Republican Presidential candidate Mitt Romney Friday released the full details of his 2011 tax returns Friday.
Romney, who had earlier released his taxes for 2010 and an estimate of his 2011 returns, released the full returns along with a statement summarizing his tax accounting over the last 20 years.
The Republican presidential candidate has come under fire from many Democrats for refusing to release more than two years of tax data. Senate Majority Leader Harry Reid, D-Nev., even claimed that a source told him that Romney had paid no taxes during some of the previous 10 years.
In a statement posted to the Romney campaign Web site, Brad Malt, who oversees the blind trust that handles most of Romney's assets, said that the Romneys paid nearly $2 million in taxes on roughly $13.7 million in income - mostly in investments that are subject to a lower tax rate than other income.
"The Romneys' effective tax rate for 2011 was 14.1 [percent]," Malt wrote.
Malt also emphasized the significant charitable contributions made by the Romneys in 2011, noting that such donations could have qualified Romney and his wife Ann for even greater tax deductions than they actually claimed.
"The Romneys donated $4,020,772 to charity in 2011, amounting to nearly 30% of their income," Malt wrote. "The Romneys' generous charitable donations in 2011 would have significantly reduced their tax obligation for the year."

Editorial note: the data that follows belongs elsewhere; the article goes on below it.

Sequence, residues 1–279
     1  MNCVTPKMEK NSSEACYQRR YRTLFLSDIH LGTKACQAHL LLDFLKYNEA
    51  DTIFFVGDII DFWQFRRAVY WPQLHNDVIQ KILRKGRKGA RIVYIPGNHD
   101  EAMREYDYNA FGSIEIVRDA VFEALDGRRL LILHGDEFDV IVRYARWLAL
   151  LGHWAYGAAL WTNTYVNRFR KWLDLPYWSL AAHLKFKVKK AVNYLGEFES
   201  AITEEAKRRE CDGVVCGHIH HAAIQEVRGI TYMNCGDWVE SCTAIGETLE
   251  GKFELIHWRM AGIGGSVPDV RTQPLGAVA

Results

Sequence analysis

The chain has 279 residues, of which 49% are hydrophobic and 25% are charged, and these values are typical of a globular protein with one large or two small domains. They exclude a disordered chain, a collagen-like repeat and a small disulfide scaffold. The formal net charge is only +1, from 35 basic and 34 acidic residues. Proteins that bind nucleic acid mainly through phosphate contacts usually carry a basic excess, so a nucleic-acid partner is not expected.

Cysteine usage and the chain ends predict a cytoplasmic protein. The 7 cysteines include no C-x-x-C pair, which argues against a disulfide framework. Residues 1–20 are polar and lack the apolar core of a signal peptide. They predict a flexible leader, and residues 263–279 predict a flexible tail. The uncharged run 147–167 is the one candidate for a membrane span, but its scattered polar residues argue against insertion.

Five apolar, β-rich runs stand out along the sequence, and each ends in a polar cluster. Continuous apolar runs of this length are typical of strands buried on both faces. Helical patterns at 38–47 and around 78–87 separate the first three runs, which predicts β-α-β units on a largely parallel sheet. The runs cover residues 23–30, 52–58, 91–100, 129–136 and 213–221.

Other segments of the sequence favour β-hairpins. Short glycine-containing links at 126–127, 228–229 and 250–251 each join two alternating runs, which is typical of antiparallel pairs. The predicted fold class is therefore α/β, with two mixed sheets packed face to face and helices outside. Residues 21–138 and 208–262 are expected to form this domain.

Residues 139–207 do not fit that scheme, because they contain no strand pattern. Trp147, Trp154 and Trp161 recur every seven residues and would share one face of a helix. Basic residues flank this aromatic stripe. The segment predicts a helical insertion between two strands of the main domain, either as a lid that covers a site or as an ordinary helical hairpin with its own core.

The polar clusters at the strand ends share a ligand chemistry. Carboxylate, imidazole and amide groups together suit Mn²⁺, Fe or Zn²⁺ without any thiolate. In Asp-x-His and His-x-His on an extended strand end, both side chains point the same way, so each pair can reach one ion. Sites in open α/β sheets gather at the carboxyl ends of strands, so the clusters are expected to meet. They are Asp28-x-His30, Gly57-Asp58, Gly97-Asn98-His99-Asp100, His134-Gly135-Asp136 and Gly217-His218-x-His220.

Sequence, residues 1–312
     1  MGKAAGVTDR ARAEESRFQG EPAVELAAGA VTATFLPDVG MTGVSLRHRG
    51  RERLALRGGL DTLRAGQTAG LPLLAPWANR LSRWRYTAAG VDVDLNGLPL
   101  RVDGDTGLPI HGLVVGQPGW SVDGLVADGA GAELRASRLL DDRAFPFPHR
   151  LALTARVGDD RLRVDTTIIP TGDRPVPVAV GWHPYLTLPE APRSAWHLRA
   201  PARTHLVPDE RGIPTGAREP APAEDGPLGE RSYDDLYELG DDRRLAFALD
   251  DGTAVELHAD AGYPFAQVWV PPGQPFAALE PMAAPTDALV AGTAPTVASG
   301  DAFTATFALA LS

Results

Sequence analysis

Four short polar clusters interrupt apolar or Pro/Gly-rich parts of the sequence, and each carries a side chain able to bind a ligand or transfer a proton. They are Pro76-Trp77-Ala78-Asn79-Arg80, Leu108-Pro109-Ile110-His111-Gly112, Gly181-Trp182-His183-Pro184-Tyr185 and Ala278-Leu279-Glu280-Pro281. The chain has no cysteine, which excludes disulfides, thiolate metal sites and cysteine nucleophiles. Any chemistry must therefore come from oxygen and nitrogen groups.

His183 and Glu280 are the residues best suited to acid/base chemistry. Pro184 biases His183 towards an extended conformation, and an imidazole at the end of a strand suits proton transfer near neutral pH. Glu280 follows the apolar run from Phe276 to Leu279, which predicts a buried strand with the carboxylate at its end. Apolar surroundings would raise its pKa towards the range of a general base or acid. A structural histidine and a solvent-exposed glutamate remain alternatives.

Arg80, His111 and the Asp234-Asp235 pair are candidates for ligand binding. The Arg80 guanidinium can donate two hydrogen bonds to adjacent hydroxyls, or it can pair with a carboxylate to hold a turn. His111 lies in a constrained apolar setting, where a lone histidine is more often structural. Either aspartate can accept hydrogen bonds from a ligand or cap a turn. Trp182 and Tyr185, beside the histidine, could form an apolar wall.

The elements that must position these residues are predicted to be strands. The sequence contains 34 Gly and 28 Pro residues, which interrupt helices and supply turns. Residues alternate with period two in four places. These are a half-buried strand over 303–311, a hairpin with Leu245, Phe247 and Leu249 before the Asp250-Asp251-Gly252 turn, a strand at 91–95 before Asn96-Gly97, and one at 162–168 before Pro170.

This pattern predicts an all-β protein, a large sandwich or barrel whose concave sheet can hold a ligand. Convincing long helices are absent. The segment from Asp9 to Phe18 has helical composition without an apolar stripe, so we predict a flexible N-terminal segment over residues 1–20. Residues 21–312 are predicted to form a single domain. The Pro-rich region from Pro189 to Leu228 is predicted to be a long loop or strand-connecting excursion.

He added, "The Romneys thus limited their deduction of charitable contributions to conform to the Governor's statement in August, based upon the January estimate of income, that he paid at least 13 [percent] in income taxes in each of the last 10 years."
Malt said that a letter describing Romney's tax filings over the last 20 years from accounting firm PricewaterhouseCoopers, LLP, would also assert that Romney paid both state and federal income taxes every year, a rebuttal of Reid's claim.
"Over the entire 20-year period, the average annual effective federal tax rate was 20.20 [percent]," Malt wrote. "Over the entire 20-year period, the lowest annual effective federal personal tax rate was 13.66 [percent]."
He added, "Over the entire 20-year period, the Romneys gave to charity an average of 13.45 [percent] of their adjusted gross income."
The release is likely to prompt continued criticism from Democrats and the campaign of President Barack Obama, who will note that the effective tax rate paid by the Romneys is far lower than that paid by most Americans.
by RTT Staff Writer
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